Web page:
All through the late seventies and the eighties, those of us who advocated for new trails kept hearing that there could be no new trails without Unit Management Plans, plans mandated by the SLMP. Each plan was expected to take a close look at the resources in an area, its management problems, and make recommendations for future management. In Region 5 we got very few completed plans. And here, ADK’s input hurt again. ADK’s policy against new trails in Wilderness areas was a major reason that new trail proposals were not a part of plan for the Siamese Ponds area, one of the first plans to be written. The Siamese Ponds area is, like the Silver Lake area, a low level wilderness with a predominantly mixed hardwood cover, scattered vistas, few trails, and a remarkably resilient forest.

Unit Management Plans have called for relatively few new trails; the main exception is Independence River Wild Forest where a very successful and popular network of horse trails had been developed. The completed plans, of which there are all too few, have called for a few new hiking trails. A new trail to a mountain with a view that lies west of Nobleboro will be built in the southern part of the Black River Wild Forest as a result of that completed plan[6].

In the early 1990s, Bob Bendick, as Deputy Commissioner, recognized the department’s planning failures, in particular in relation to trails, access, and information. He tried to use Federal funds to remedy the situation even though the funds limited what could be done. Thus he started yet another planning process, the development of a “Use and Information Plan.” Unfortunately, the study of use patterns is still incomplete, the proposals for new trails are not yet public, and what little funding that has materialized has been used to develop a map of park-wide recreation opportunities — sort of like putting the cart before the horse—because of the imbalance of opportunities park-wide. The Use and Information Plan is long on information and, so far, short on developing new patterns of use.

An even bigger problem is that, when federal money was available to fund, through ADK, a privately-created Adirondack Non-Motorized Recreation Plan, the plan has not surfaced in public discussions. The department’s natural resources staff had been so depleted by cut-backs that there was no one to evaluate and implement the plan’s recommendations.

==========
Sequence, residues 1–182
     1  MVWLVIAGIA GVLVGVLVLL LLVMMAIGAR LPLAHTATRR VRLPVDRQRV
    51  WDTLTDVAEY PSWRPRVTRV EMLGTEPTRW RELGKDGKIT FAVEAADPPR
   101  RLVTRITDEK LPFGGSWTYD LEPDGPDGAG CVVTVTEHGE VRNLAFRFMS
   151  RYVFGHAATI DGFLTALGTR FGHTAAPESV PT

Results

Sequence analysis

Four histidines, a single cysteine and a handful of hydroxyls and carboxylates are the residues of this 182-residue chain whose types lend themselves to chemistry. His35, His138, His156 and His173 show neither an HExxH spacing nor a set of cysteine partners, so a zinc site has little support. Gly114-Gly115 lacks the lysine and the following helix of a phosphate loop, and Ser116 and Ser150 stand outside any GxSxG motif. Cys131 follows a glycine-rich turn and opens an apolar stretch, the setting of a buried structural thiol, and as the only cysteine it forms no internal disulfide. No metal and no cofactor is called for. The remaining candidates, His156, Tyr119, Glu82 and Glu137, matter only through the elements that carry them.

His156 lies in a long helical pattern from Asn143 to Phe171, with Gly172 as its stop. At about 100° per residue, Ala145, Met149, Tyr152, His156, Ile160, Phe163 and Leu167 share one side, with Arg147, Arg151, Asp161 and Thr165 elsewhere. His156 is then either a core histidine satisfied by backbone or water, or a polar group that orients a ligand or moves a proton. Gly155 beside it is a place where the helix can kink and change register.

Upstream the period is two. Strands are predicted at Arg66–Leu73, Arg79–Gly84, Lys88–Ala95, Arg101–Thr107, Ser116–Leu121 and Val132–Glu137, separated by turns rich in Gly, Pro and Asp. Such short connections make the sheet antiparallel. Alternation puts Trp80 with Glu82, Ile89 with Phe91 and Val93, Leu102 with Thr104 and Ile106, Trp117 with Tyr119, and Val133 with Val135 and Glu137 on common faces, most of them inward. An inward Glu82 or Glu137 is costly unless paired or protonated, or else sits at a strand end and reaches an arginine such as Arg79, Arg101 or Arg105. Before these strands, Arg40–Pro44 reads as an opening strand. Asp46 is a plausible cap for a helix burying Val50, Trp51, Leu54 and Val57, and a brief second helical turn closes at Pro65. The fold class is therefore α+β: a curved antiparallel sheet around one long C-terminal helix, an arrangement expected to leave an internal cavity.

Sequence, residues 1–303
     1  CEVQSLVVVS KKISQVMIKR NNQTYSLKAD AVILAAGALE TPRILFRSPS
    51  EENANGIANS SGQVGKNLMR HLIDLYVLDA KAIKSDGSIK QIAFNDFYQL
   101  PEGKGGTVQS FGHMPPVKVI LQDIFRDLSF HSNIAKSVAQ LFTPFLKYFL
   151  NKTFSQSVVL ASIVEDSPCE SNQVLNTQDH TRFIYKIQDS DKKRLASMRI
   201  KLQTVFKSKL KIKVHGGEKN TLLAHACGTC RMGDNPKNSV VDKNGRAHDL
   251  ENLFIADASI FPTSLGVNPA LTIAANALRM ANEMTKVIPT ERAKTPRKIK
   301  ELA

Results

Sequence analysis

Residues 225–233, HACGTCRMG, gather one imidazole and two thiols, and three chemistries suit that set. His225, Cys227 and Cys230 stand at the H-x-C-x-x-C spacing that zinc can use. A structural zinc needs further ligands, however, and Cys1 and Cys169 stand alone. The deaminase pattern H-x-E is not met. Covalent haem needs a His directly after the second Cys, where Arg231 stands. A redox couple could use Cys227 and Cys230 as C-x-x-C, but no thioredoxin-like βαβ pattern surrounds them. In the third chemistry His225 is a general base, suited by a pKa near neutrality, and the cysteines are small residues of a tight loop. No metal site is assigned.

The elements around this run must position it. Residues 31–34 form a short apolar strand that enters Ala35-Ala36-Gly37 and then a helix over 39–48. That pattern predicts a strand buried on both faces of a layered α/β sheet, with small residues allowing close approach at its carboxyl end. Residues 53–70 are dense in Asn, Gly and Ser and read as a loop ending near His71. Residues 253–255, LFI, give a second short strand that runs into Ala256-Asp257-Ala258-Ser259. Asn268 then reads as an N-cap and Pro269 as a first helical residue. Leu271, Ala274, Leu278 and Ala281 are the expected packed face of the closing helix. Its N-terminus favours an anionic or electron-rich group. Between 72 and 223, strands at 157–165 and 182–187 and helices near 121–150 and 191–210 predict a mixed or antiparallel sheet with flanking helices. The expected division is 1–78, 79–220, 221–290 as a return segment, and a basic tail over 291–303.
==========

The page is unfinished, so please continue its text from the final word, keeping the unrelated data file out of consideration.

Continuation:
North Country Trail Marker

Calls for a North Country National Scenic Trail (NCNST) to traverse the Adirondacks originated in the 1968 Trails System Act and they are still being discussed. They have met with resistance, mostly because of opposition to Federal involvement in the Park and concern that the original congressional route would loop north through the High Peaks and back down to the terminus at Crown Point. There have also been worries about overuse of the N-P Trail or other existing trails if they were to become part of the NCNST.

A few years ago, a meeting hosted by DEC and the National Park Service outlined nine potential routes for eastern New York State. The one that DEC found most acceptable traversed the southern Adirondacks. At the request of DEC I outlined a southern route, or rather a route with alternatives that would take it through either Wild Forest or Wilderness areas. ADK committees have discussed a cross-Park hiking trail. Opposition to new routes in Wilderness Areas may yet call for putting any east-west route in the southern Adirondacks through mostly Wild Forest areas, but that essentially it would do the most good, creating loops that combine hiking trails with multiple use trails[7].


[1] This is a reference to the first of three citizen advisory committees to focus on the management of the High Peaks Wilderness. A second group formed briefly in the 1990s, and the most recent was the High Peaks Advisory Group, which released a report in 2021.

[2] A portion of this trail is now marked as an official (and popular) trail.

[3] A proposal to create this trail was included in a draft management plan for the Wilcox Lake Wild Forest… which has been left uncompleted by DEC for many years.

[4] This trail exists as an unmarked footpath. It is reasonably well maintained for its first few miles but eventually grows faint – to the point where it has effectively been lost to nature prior to reaching its traditional destination.

[5] ADK is the standard shorthand for the Adirondack Mountain Club. McMartin published her first guidebook, Walks and Waterways, in 1974.

[6] Actually, the trail to Ledge Mountain in Wilmurt was completed by the time this essay was written.

[7] An approved route for the North Country Trail was selected in 2014, nine years after McMartin’s death, although she doubtlessly would’ve been disappointed with some of the decisions. Primarily, the route follows existing trails as much as possible, with only a few new links to convert these local segments into a continuous route. The NCNST can be followed across the width of the Siamese Ponds Wilderness and some adjacent areas.